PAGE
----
After the Bills' best season in 25 years, Buffalo decided to address the trenches in the 2021 NFL Draft in a major way. GM Brandon Beane doubled up on edge rusher and selected three offensive linemen. For a Super Bowl contender without any glaring holes, it wasn't a crazy philosophy, but the Bills didn't get everything right.
Let's look at first what they didn't do, then list the one clearly shrewd decision made during the draft.
What Bills didn't do: Draft a high-profile cornerback prospect
Levi Wallace lives to see another day. As usual. The 2018 undrafted free agent always seems ripe to be replaced at the vital cornerback spot opposite Tre'Davious White. Yet he continues to stick around and earn that No. 2 cornerback job when the season rolls around. Since Wallace's arrival into the starting lineup late in the 2018 regular season, the Bills haven't used a pick earlier than the sixth round on a cornerback.
Buffalo has instead scoured the low-cost veteran market for competition for Wallace -- Kevin Johnson, Josh Norman -- over the past two years and is likely to go that route again after not selecting a cornerback until the sixth round in this draft.
Now, I like Wallace. He's an overachiever. Unspectacular, yes. But he's provided relatively steady play in his three seasons in Buffalo's secondary. On a little over 1,200 coverage snaps, Wallace has surrendered nine touchdowns in his coverage. Not amazing. But he also has four picks and 15 pass breakups. However, it's obvious Buffalo could upgrade from him talent-wise.
While Wallace hasn't ever been outright replaced, the Bills haven't been afraid to go to a platoon at his position. In 2019, he split time with Johnson. Last year, when healthy, Norman saw the field and ultimately played 32% of the snaps in just nine games.
When facing Buffalo's secondary, opposing passing offenses look Wallace's way -- they justifiably make a concerted effort to avoid White. And while he's represented a relatively good floor, the best way for the Bills to take their secondary to the next level would have been to pick a cornerback with one of their first three selections in the 2021 NFL Draft. That didn't happen.
Does that erase the possibility of Buffalo improving its pass defense this year? No. But it does decrease the possibility. The Bills did allow the fifth-lowest passer rating in the NFL during last regular season. However, Sean McDermott and Co. likely have the disastrous defensive effort in the AFC title game loss to the Chiefs in forefront of their mind -- Patrick Mahomes completed 76% of his throws at 8.55 yards per attempt with three touchdowns and no interception en route to a 127.6 rating in that contest -- but decided addressing the pass rush was more vital than finding a top talent at the cornerback spot.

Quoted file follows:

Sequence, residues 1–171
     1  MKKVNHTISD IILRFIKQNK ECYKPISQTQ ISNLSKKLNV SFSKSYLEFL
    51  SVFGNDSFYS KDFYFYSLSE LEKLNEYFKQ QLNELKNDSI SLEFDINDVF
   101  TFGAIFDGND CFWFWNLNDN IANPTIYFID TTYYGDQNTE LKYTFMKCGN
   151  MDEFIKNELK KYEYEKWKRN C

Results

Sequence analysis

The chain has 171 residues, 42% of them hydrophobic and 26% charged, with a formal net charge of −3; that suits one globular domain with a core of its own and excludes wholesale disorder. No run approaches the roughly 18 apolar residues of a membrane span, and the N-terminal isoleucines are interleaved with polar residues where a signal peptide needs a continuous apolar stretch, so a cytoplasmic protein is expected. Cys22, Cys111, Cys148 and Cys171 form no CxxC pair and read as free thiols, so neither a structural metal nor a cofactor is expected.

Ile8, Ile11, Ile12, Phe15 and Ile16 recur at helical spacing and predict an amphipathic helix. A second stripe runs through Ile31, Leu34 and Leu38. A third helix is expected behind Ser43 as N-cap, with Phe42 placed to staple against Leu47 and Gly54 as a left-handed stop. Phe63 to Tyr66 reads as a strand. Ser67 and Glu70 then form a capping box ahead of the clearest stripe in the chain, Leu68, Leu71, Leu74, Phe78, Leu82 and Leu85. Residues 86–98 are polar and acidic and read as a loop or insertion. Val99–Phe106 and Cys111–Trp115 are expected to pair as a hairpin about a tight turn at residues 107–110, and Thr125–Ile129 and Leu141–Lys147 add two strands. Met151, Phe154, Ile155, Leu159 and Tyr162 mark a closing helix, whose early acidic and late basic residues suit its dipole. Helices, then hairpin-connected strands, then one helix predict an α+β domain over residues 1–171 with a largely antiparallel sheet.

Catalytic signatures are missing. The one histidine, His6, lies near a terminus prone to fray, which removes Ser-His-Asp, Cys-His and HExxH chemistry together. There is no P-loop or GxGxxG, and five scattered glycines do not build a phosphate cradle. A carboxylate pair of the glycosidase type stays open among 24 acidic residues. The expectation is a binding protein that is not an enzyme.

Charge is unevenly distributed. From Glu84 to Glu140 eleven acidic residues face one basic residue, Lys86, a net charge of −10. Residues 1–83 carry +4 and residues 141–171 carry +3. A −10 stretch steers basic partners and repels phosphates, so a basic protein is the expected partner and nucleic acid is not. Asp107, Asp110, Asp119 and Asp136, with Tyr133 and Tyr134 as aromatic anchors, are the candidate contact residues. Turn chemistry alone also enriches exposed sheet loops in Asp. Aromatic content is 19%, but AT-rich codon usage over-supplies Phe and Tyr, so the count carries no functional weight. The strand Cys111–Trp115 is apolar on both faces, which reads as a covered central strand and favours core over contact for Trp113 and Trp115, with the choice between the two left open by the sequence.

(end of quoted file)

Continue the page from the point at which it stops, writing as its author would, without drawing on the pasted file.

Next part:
What the Bills got right: Ignored running back and tight end
I bet you're wondering if I completely forgot about the Bills not picking a running back or tight end. I didn't.
The Bills are a passing team by every conceivable measure. Josh Allen threw it 572 times during the regular season (sixth-most in the league). Per Sharp Football, counting the playoffs, they attempted a pass 64% of the time in neutral situations -- point margin between +8 and -8 points -- and to cap it off, had the league's highest passing rate on first down with the game within one score and on every first-down occasion. Allen's 7.9 yards-per-attempt average was the fifth-best in football. Buffalo passed often and efficiently. Qualitatively, there was not one 2020 Bills game I watched where I thought to myself "man, the Bills need to run the ball more."
And after the top three ball carriers in this class -- Najee Harris, Travis Etienne, and Javonte Williams -- there were no prospects close to being sure things at the increasingly devalued position. As individuals, Devin Singletary and Zack Moss are quality make-you-miss, contact balance runners. Matt Breida can hit home runs on well-blocked plays. There's even Antonio Williams, who showed promise as an authoritative back in the regular-season finale.
In short -- Buffalo didn't need to upgrade its running back position. To bolster the effectiveness of that secondary element of its offense, the blocking needed to be addressed, and Beane wasn't shy about creating competition in the trenches with three offensive line selections.
As for tight end being omitted, the tight end class was weak and extremely top-heavy. And going a step deeper with the Bills attack, not only is it distinctly pass-heavy, it's wide receiver centric. In 2020, the Bills rolled out a three, four, or five receiver set on 88% of all plays (runs or passes), including the playoffs. That was the highest rate in football. Of course, the lack of a star tight end likely contributed to that receiver reliance. Regardless of why it happen, it worked. Buffalo scored over 500 points and finished second in the league in total points scored for the first time since 1991.
Out is John Brown. In is Emmanuel Sanders. And Buffalo even provided one last reminder of its passing and receiver preference over the ground game and the running back spot by selecting a wideout, Marquez Stevenson, in the sixth round.
Given their roster makeup, and how they win, prioritizing the offensive and defensive lines was much more prudent drafting and reaching for a tight end or running back at any point outside the first round in this draft for the Bills.